Artsy Experiment! Let’s paint with salt water

Edited to add side by side photos of today’s paintings! The painting on the left was done with fresh water and the one on the right was done using saltwater and the same paints.

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The saltwater painting was much brighter and you can see the extra granulation in the sky area. This effect would be really fun if you used YUPO paper I think! The bottom sample is the saltwater one.

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Read the rest of this post for more info and to watch the step by step painting video!

Howdy friends! I am so excited to try this experiment today! We will doing a painting using salt water as our medium rather than fresh water. This morning I painted this painting in the customary way with watercolor using fresh water like we always do. This will be our “control” so we can see how different doing the exact same painting with the salt water will compare.

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I painted some swatches of the colors I am using with salt water.  Colors that were normally granular (ultramarine blue, cobalt teal and burnt sienna) were super granular afterward and smoother color got a bit of sediment to them.

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Tune in at 12:30pm ET on YouTube see thee what happens when we paint with the saltwater in our painting. I am really excited to see how it turns out! The replay will be available in the player below after the broadcast.

Supplies (affiliate links used)

  • This is the reference photo I am going to use
  • Here is a pattern you can trace *This is a jpg so print it out whatever size you like.
  • I am going to paint on my 6″x9″ Aquabee paper
  • Use any watercolors you want! I will use Phthalo blue (or cerulean) Cobalt teal (if you have it, no worries if you don’t) yellow ochre or Naples yellow, burnt sienna and sap green. Feel free to experiment as that is what we are doing today!
  • Temporary palette or white ceramic plate you can wash when you are done. *Only put out a small amount of paint because we will be contaminating it with salt, that’s why I recommend you work fresh from the tube. (BTW by temporary I DO NOT mean disposible, I mean one you do not leave/store your paint permanently in.)

I suggest having one bucket of fresh water (for cleaning your brush) and one bucket of salt water for wetting the paper and mixing on your palette. You can dissolve 2 tablespoons of salt in a cup of water at room temperature so I’m going to try that. I might need to dilute it more bit that is about max saturation especially because I prefer to paint with cold water as not to disturb the sizing on the paper more than I have to. Alway rinse off your brush in the fresh water before grabbing salt water to paint with so you can keep the salt water clean.

The possible downsides to this experiment…

Just like with any experiment there may be side effects. That’s why I suggest you use a separate glass, ceramic or plastic temporary palette you can clean when you are done and work with small amounts of paint fresh from the tube. Salt gives out paint a beautiful granular effect but here are some of the negative effects the salt might have:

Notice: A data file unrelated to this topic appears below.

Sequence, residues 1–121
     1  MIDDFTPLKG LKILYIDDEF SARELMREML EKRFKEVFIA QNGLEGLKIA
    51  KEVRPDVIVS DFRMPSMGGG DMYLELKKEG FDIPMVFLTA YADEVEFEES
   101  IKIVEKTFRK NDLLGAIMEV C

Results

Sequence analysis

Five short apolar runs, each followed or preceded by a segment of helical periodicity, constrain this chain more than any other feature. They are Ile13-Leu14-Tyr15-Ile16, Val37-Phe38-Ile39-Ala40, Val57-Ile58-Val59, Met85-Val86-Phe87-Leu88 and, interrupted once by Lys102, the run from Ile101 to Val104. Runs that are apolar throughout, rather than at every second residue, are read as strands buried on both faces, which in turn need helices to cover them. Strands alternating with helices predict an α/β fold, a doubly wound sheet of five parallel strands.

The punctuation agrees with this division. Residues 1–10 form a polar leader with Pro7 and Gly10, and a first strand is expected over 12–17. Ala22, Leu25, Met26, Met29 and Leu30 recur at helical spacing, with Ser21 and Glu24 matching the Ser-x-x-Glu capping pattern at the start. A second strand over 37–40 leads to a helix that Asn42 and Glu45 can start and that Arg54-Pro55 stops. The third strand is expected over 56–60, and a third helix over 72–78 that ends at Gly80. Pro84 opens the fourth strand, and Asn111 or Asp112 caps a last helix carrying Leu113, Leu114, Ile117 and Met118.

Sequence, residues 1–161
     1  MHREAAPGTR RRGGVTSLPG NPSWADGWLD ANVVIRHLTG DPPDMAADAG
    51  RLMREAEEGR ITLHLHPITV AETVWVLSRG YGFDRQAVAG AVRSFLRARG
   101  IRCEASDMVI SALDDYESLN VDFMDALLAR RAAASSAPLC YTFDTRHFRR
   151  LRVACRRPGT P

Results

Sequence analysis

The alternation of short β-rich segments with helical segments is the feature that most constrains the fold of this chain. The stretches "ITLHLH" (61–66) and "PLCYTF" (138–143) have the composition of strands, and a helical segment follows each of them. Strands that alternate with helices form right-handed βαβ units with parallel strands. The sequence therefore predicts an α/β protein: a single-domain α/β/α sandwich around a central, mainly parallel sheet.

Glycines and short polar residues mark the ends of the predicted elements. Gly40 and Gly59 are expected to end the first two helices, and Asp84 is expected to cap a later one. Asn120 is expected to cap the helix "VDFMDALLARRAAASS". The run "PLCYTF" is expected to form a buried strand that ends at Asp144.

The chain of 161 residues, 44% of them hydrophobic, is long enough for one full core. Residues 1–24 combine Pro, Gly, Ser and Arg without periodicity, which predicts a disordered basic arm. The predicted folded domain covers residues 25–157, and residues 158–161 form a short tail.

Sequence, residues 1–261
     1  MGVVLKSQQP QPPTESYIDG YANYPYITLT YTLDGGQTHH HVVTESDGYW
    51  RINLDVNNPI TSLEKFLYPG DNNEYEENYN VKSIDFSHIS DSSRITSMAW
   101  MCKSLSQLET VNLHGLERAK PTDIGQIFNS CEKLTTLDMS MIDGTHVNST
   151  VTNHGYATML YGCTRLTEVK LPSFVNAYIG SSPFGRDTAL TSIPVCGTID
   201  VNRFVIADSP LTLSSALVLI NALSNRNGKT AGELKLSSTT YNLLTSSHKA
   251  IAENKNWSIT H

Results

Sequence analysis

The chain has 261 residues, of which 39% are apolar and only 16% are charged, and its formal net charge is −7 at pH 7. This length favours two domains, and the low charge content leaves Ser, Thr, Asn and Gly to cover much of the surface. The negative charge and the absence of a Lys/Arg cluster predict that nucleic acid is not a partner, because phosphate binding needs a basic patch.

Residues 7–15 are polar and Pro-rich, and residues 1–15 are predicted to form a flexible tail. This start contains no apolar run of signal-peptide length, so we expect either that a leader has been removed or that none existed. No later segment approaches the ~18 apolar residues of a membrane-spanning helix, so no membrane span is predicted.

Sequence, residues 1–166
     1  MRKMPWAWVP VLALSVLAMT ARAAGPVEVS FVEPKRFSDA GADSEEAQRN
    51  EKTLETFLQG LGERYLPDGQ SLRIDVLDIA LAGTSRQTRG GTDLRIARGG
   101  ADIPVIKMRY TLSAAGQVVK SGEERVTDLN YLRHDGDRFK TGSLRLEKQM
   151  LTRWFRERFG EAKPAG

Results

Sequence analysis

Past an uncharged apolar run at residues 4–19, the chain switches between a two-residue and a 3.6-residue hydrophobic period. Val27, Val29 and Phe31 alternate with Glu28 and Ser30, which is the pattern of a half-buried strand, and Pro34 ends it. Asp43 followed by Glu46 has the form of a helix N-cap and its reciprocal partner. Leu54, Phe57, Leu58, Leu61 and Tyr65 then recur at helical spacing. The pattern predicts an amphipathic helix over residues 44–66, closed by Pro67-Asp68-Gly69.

• Salt is corrosive, salty roads accelerate rust on your cars so it won’t be wise to use salt water on a metal palette especially if there are chips in the enamel coating.
  • The ferrule of your paintbrush is metal but I don’t think it would be as susceptible to rusting as I tested my brushes with a magnet to see if the ferrules would stick and they didn’t so maybe they are made from a brass or aluminum (or other non iron containing alloy.) It is the iron in metals that make magnets stick and are the most prone to rust. Still, I am using inexpensive brushes for this experiment and I will wash them when I am done.
  • Salt can damage fabric if not washed off so I reckon out 100% cotton paper may eventually suffer from the exposure.
  • I also wonder if the salt water could rust the iron, nickel, cobalt, cadmium or other metal based pigments in your paint over time as it interacts with moisture in the air as salt will bond with atmospheric moisture (think of clumps in your salt shaker in humid climates.) Salt doesn’t attract moisture though contrary to popular belief. Table salt is a neutrally charged,as is water, and they can merge when the molecules bump into each other in the air. It’s not going to pull all the humidity in the room in you your painting. Phew!

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Keeping those precautions in mind I don’t think there is any reason not to try this for your own enjoyment as an artist.  I plan on keeping both paintings to observe over time and see how the paints/paper change over the years. the only thing you have to lose is a piece of paper! I think it’s a risk worth taking in the pursuit of art and science! I hope to see you at 12:30 and til then happy crafting!

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